Note from OKC APA: Last month we covered retirement plans withdrawals and transfers. This month we are talking about SIMPLE IRA plan changes. This info can be very help to payroll pros at small employers and non-profits!
Withdrawals from SIMPLE IRAs
Generally, you have to pay income tax on any amount you withdraw from your SIMPLE IRA. You may also have to pay an additional tax of 10 percent or 25 percent on the amount you withdraw, unless you are at least age 59½ or you qualify for another exception.
10 percent tax
You have to pay a 10 percent additional tax on the taxable amount you withdraw from your SIMPLE IRA if you are under age 59½ when you withdraw the money unless you qualify for another exception to this tax. In some cases, this tax is increased to 25 percent.
25 percent tax
The amount of the additional tax you have to pay increases from 10 percent to 25 percent if you make the withdrawal within two years from when you first participated in your employer's SIMPLE IRA plan.
Exceptions to additional taxes
You don’t have to pay additional taxes if you are age 59½ or older when you withdraw the money from your SIMPLE IRA. You also don’t have to pay additional taxes if, for example:
Your withdrawal is NOT more than:
Your unreimbursed medical expenses that exceed 10 percent of your adjusted gross income (7.5 percent if your spouse is age 65 or older),
Your cost for your medical insurance while unemployed,
Your qualified higher education expenses, or o The amount to buy, build or rebuild a first home.
Your withdrawal is in the form of an annuity.
Your withdrawal is a qualified reservist distribution.
You are disabled.
You are the beneficiary of a deceased SIMPLE IRA owner.
The withdrawal is the result of an IRS levy.
Transfers from SIMPLE IRAs
You may be able to transfer money in a tax-free rollover from your SIMPLE IRA to another IRA (except a Roth IRA) or to an employer-sponsored retirement plan (such as a 401(k), 403(b), or governmental 457(b) plan). However, during the two-year period beginning when you first participated in your employer's SIMPLE IRA plan, you can only transfer money to another SIMPLE IRA. Otherwise, you are considered to have withdrawn the amount transferred and you will have to:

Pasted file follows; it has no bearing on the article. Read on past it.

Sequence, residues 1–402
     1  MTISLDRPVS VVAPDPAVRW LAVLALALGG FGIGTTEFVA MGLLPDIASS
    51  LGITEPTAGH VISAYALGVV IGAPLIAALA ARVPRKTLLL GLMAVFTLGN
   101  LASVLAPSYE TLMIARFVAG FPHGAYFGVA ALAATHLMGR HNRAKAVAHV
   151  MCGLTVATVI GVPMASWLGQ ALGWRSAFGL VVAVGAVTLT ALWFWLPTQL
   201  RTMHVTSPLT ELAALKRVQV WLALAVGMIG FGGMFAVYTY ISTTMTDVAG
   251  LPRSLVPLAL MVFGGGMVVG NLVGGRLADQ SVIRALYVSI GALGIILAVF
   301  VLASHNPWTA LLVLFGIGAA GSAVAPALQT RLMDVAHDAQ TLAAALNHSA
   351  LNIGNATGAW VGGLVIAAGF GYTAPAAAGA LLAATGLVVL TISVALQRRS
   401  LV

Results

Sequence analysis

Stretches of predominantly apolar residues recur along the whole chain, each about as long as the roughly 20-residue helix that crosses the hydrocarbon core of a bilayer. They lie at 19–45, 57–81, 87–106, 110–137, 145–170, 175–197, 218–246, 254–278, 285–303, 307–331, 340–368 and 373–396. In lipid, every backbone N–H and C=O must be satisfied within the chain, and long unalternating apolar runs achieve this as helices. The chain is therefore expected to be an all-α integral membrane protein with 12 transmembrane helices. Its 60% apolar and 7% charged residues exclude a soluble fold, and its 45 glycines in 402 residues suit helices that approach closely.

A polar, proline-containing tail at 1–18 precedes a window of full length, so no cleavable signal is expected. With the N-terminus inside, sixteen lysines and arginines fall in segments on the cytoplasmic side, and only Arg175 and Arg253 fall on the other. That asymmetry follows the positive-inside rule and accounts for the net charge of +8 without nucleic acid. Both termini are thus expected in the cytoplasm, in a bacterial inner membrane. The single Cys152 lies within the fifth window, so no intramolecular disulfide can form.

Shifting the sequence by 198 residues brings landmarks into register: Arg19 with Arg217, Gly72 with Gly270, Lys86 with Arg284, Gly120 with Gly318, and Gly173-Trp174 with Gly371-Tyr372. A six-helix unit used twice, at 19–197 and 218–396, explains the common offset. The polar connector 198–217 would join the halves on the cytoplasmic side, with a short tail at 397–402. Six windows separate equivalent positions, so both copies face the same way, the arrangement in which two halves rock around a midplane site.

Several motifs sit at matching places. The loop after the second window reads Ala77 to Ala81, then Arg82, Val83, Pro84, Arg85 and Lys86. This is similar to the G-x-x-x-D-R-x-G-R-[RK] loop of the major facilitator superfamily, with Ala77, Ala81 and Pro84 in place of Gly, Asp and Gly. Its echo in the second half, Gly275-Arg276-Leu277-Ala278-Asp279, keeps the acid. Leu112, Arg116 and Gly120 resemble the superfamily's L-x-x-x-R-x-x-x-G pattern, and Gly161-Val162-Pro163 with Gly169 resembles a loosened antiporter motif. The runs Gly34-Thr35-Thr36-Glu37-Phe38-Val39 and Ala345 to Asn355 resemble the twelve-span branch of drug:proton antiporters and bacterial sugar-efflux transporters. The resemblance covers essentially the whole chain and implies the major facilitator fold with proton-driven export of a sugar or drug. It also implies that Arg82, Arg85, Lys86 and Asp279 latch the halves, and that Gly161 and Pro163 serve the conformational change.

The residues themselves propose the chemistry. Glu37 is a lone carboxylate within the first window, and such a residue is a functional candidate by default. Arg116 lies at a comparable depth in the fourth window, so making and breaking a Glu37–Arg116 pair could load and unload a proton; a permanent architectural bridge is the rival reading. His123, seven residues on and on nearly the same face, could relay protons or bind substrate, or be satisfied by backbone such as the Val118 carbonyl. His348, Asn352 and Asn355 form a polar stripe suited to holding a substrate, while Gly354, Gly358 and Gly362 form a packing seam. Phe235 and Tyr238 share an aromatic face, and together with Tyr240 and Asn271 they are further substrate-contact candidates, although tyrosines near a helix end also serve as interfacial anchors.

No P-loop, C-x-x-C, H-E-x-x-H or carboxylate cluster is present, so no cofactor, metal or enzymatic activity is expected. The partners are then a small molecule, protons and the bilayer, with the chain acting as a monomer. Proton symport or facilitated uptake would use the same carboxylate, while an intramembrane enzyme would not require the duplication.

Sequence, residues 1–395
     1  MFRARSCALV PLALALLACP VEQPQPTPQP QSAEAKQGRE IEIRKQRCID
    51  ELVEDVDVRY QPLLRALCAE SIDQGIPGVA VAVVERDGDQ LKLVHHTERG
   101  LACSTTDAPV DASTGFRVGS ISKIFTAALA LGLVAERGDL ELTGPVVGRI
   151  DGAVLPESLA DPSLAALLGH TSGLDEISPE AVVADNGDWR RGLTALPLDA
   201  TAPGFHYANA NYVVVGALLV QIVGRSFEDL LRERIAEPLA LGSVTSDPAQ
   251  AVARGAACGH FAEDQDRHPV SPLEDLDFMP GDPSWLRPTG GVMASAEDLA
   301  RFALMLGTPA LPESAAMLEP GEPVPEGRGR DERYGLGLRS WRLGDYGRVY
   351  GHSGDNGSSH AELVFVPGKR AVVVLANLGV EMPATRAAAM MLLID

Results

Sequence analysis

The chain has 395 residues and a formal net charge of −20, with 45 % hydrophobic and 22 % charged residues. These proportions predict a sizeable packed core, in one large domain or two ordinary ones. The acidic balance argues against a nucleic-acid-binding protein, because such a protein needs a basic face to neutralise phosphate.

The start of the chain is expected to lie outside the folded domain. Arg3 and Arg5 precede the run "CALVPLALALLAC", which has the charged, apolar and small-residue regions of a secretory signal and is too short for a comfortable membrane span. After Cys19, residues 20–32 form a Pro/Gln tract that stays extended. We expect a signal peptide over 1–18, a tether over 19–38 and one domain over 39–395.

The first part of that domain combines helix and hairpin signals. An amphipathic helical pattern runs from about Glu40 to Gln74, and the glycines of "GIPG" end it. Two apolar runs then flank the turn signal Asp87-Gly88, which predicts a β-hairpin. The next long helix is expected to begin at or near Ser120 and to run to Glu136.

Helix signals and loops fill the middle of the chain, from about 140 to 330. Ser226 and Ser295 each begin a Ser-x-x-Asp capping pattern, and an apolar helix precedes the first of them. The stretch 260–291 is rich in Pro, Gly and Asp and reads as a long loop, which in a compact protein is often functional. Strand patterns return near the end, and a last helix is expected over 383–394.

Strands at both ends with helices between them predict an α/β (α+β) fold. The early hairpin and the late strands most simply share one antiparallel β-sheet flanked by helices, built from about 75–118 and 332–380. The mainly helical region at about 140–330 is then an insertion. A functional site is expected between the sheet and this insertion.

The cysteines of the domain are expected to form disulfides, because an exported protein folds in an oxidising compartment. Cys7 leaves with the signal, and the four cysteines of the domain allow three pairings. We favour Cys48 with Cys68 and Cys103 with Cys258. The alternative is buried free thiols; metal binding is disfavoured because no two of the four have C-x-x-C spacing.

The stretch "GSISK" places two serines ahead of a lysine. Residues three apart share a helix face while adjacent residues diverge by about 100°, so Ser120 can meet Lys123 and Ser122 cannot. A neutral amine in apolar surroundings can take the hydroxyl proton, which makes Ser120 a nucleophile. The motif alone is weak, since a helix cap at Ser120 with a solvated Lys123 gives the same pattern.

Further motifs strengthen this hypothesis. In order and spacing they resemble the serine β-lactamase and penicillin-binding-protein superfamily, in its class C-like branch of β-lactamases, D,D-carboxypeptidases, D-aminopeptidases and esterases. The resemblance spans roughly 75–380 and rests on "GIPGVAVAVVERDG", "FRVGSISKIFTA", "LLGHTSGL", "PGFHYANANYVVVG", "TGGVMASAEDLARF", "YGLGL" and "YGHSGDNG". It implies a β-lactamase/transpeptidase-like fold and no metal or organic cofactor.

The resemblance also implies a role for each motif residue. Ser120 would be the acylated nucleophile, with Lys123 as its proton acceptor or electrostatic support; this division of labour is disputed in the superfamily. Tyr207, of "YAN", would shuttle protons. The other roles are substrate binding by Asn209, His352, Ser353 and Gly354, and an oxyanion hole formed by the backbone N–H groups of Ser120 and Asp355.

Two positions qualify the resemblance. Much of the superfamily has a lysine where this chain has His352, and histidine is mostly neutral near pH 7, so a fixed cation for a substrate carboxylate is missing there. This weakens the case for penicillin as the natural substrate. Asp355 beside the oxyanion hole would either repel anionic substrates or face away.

include the amount in your gross income, and
pay an additional 25 percent tax on this amount, unless you are at least age 59½ at the time of the transfer or you qualify for another exception (see above) to the additional tax.
After the two-year period, you can make tax-free rollovers from SIMPLE IRAs to other types of non-Roth IRAs, or to an employer-sponsored retirement plan. You can also roll over money into a Roth IRA after the two-year period, but must include any untaxed money rolled over in your income.
Transfers to SIMPLE IRAs
Previously, a SIMPLE IRA could only accept transfers from another SIMPLE IRA plan. A new law in 2015 now allows a Simple IRA to also accept transfers from traditional and SEP IRAs, as well as from employer-sponsored retirement plans, such as a 401(k), 403(b), or 457(b) plan. However, the following restrictions apply:
SIMPLE IRAs may not accept rollovers from Roth IRAs or designated Roth accounts of employer-sponsored plans.
The change applies only to rollovers made after the two-year period beginning on the date the participant first participated in their employer’s SIMPLE IRA plan.
The new law only applies to transfers to SIMPLE IRAs made after December 18, 2015, the date of enactment.
The one-per-year limitation that applies to IRA-to-IRA rollovers also applies to rollovers from a traditional IRA, SIMPLE IRA, or SEP IRA into a SIMPLE IRA.
Helpful links information from IRS.gov
SIMPLE IRA Plan FAQs – information on SIMPLE IRAs, including the rules on withdrawing and transferring money.
Retirement Topics – Exceptions to Tax on Early Distributions – describes when you don’t have to pay additional taxes on money you withdraw from your SIMPLE IRA.
Publication 590-B, Distributions from Individual Retirement Arrangements (IRAs) – information on taxes you have to pay on withdrawals from IRAs.
Don't have a SIMPLE IRA? Read about transferring from other retirement account types from last month's blog post Leaving Your Job? Don't Forget Your Retirement Plan!